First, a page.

Policy on Additions and Site Alterations to Structures in Georgetown

The Old Georgetown Board recommends that new additions serve as subordinate elements to historic buildings in the Old Georgetown historic district. The additions should not approach doubling the size of an existing building, nor become the dominant element, regardless of what the zoning regulations may allow. As much historic fabric as possible should be maintained at the connection between the historic structure and the new construction. Historically-inspired details should be stylistically subservient to the authentic fabric, rather than establish a non-compatible or ambiguous character. New exterior materials should be compatible with the historic materials.

New rear additions should not project substantially beyond the extent of adjacent buildings of similar type. New side additions that obliterate or substantially obstruct side yards and block views from public space toward the interior of the block are discouraged. Additions to roofs that are visible from a street or substantially alter the historic character of the building are discouraged.

Extensive underground additions are discouraged in order to preserve, protect, or replace existing mature trees and landscape, which are important character-defining elements within Old Georgetown. Similarly, the Board opposes the excessive paving of existing yards and encourages the removal of existing impervious surfaces in order to establish a more sustainable landscape. The Board strongly discourages new curb cuts and the expansion of paved areas for additional parking in front yards where curb cuts already exist.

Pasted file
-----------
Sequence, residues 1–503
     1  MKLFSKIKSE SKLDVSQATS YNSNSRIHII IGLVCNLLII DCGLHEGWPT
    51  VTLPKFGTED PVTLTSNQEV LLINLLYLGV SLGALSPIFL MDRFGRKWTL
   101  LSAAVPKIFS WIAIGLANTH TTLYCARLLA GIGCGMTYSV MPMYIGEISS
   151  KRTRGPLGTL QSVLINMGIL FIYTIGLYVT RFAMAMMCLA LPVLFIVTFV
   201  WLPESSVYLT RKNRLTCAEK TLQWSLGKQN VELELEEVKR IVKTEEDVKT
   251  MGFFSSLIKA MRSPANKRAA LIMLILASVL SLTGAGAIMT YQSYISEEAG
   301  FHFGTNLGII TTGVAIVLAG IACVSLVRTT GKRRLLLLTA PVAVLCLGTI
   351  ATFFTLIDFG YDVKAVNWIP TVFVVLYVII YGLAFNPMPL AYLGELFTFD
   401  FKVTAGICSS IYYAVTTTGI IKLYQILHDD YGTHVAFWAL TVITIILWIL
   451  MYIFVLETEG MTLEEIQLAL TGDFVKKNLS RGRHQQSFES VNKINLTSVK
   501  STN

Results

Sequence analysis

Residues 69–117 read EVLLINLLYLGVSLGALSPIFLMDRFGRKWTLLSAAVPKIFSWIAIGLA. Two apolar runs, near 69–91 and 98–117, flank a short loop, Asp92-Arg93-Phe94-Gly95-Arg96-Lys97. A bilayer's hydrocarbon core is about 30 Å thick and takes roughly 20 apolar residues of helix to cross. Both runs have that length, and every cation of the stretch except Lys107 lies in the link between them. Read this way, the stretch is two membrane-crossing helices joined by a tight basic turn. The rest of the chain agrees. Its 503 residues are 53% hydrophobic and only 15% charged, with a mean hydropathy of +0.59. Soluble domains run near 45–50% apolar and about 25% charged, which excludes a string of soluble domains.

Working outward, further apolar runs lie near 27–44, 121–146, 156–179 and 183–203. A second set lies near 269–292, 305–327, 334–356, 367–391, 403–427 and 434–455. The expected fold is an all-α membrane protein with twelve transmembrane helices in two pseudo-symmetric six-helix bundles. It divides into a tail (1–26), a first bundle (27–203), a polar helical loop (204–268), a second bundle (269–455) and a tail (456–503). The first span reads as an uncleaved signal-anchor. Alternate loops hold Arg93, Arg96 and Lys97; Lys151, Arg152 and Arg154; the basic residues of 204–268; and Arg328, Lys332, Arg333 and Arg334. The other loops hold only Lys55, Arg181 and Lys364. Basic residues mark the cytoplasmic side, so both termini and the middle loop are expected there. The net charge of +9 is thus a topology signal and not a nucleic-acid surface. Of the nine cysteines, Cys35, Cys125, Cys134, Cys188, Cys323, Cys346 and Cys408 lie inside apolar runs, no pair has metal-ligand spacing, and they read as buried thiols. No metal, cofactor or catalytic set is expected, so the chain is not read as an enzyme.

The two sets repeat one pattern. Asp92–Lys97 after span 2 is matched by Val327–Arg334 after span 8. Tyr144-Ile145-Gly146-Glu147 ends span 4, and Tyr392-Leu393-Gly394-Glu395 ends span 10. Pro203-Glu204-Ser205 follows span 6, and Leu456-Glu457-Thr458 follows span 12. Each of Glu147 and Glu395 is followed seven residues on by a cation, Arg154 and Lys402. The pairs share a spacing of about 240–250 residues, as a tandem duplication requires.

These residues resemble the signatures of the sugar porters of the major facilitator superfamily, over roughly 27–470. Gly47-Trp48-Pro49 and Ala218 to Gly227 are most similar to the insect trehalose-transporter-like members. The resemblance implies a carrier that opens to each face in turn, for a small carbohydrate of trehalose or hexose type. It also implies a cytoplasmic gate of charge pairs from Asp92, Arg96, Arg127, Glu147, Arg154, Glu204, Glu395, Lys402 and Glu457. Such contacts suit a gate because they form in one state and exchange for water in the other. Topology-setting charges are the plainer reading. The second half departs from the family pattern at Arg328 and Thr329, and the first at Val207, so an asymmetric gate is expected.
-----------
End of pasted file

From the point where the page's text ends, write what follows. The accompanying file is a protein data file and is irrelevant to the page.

Applicants should not assume that projects complying with this policy will automatically receive approval; the Old Georgetown Board and Commission of Fine Arts review each submission on a case-by-case basis with consideration of factors relevant to the individual property.

Updated and approved February 2009.